History of Ornithology

Abstract

Before the seventeenth century, interest in birds centred largely on folklore and their symbolic significance. Ray and Willughby's encyclopaedia, the Ornithology of Francis Willughby (1676 and 1678) marked a turning point in the study of birds by rejecting folklore and focussing especially on biology. Following Ray's Wisdom of God (1691), which addressed ultimate causes, the study of birds developed along two separate strands: (i) systematics, nomenclature and faunistics (inspired by Ornithology) and (ii) natural history (inspired by Wisdom). The first of these endeavours dominated ornithology for the next 250 years, and were the main focus of the ornithological Unions founded in the 1800s. The two strands were reunited in the 1920s (central Europe) and 1940s (the UK and the USA). After World War II not only the expansion of higher education resulted in a huge increase in both the number of professional ornithologists, but also our knowledge of avian natural history and evolution.

Key concepts

  • The study of birds began with Aristotle, but stagnated between the first century ad and the Renaissance.

  • Ornithology became scientific with the abandonment of emblematics in the 1670s.

  • John Ray initiated two strands of ornithology: systematics and natural history (field ornithology) in the late 1600s.

  • Systematic ornithology focussed on the naming and classification of birds, and later, their geographical distribution.

  • The natural history of birds (field ornithology) focussed on behaviour, ecology and ultimate causes.

  • Ornithological encyclopedias were a product of the Renaissance.

  • After the Renaissance ornithology became increasingly specialized.

  • Charles Darwin's concepts of natural and sexual selection in the mid‐late 1800s were important in encouraging scientific interest in birds.

  • The two strands of ornithology, systematics and natural history, were re‐united in the 1920s (Germany) and 1940s (the UK and the USA).

  • The modernization of ornithology during the twentieth century occurred largely as a result of the conceptual unification of evolutionary thinking in the 1940s and the focus on individual selection in the 1970s.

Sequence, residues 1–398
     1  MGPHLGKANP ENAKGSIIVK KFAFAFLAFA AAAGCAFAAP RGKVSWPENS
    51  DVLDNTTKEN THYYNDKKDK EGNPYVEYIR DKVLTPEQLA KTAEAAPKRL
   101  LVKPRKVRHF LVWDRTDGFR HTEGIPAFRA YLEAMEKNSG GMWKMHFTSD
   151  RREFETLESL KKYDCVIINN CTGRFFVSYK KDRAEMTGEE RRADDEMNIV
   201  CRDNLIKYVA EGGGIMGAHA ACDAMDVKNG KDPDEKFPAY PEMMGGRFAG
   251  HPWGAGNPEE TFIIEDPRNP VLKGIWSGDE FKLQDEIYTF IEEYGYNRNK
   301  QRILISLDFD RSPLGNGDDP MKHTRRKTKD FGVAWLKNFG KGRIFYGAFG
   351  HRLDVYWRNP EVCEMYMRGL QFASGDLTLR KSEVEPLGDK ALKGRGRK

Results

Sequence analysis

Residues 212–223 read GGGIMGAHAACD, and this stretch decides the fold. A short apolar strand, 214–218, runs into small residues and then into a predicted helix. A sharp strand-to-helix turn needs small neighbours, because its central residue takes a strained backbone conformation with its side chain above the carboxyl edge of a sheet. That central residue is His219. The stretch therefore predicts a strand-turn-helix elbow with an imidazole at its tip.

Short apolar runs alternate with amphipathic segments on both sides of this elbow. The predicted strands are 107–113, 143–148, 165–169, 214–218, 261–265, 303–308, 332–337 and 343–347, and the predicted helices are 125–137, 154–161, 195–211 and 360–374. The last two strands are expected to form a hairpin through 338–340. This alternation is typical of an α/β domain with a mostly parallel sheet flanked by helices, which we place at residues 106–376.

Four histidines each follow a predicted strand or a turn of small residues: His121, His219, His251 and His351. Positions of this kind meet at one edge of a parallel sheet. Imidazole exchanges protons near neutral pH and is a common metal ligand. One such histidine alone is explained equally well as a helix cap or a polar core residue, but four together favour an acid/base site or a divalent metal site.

Keywords: avian biology; bird study; ornithological knowledge; history; ornithology

Figure 1.

Aldrovandi's three‐volume Ornithologiae published in 1599, 1600 and 1603. Photo: I Charmantier.

Figure 2.

Portraits of John Ray (left: from Raven, ) and Francis Willughby (right: from Jardine, ).

Figure 3.

Schematic representation of the development of ornithology in central Europe from the Middle Ages to 2000, showing the bifurcation, after Ray's publications, between field ornithology (left) and systematics (right), and Stresemann's unifying position in the 1920s. Reproduced from Haffer , with permission from Springer.

Figure 4.

Three key twentieth century figures in the history of ornithology: (from left to right) (a) Ernst Mayr and Erwin Stresemann and (b) David Lack all at the International Ornithological Congress, Oxford 1966. Courtesy of the Eric Hosking Charitable Trust.

Figure 5.

Schematic representation of the development of ornithology in Britain from the 1550s through to 2000, showing the bifurcation after Ray's publications and David Lack unifying field ornithology and systematics in the 1940s. Reproduced from Haffer , with permission from Springer.

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How to Cite close
Birkhead, T R, and Charmantier, I(Dec 2009) History of Ornithology. In: eLS. John Wiley & Sons Ltd, Chichester. http://www.els.net [doi: 10.1002/9780470015902.a0003096]